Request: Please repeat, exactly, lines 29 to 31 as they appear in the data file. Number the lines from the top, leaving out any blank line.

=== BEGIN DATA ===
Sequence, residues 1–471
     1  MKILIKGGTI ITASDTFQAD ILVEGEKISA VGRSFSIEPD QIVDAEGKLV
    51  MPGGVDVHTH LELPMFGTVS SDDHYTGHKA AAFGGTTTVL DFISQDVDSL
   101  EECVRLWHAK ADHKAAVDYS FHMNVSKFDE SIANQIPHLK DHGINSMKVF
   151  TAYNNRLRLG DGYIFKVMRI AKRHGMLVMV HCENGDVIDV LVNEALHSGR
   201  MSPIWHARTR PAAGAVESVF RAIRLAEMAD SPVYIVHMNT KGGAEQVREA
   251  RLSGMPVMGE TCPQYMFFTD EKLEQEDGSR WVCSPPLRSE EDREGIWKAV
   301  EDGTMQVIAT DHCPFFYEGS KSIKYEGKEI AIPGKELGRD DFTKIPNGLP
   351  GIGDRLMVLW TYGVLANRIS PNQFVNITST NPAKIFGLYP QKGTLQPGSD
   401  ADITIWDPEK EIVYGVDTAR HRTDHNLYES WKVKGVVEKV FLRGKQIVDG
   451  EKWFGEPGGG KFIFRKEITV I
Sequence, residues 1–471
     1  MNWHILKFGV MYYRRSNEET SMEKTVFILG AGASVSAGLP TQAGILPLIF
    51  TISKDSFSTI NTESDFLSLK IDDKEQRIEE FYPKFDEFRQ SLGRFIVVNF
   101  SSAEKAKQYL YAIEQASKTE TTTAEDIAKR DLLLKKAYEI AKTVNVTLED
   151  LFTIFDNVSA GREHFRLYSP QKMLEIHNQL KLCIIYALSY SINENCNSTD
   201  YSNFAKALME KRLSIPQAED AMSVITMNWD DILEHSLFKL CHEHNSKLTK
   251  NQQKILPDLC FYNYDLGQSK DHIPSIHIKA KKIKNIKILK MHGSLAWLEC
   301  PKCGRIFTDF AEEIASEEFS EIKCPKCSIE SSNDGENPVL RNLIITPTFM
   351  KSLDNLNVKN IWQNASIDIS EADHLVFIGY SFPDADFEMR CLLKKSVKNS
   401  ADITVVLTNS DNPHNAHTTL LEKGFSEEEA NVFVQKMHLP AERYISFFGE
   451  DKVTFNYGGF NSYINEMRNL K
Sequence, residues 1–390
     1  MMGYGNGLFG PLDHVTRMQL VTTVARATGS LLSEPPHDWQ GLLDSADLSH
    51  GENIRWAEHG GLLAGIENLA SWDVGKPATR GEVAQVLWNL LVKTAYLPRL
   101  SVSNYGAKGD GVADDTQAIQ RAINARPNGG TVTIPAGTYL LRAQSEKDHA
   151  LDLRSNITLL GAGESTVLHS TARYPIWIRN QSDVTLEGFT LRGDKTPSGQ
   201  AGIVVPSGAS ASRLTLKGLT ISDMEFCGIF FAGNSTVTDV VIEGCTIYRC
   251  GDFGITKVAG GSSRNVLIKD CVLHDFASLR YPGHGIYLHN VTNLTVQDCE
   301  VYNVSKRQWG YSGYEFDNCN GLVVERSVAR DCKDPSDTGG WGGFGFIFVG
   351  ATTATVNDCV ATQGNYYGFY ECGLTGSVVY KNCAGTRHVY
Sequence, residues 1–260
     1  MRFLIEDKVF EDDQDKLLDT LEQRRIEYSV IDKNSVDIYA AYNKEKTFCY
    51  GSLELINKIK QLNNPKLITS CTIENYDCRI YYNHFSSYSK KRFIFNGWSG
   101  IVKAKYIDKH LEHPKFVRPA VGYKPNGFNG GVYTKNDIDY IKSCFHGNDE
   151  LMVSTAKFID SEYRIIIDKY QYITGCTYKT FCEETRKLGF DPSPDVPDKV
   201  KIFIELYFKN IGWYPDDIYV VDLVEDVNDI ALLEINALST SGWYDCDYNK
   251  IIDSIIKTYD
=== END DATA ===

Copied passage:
   251  GDFGITKVAG GSSRNVLIKD CVLHDFASLR YPGHGIYLHN VTNLTVQDCE
   301  VYNVSKRQWG YSGYEFDNCN GLVVERSVAR DCKDPSDTGG WGGFGFIFVG
   351  ATTATVNDCV ATQGNYYGFY ECGLTGSVVY KNCAGTRHVY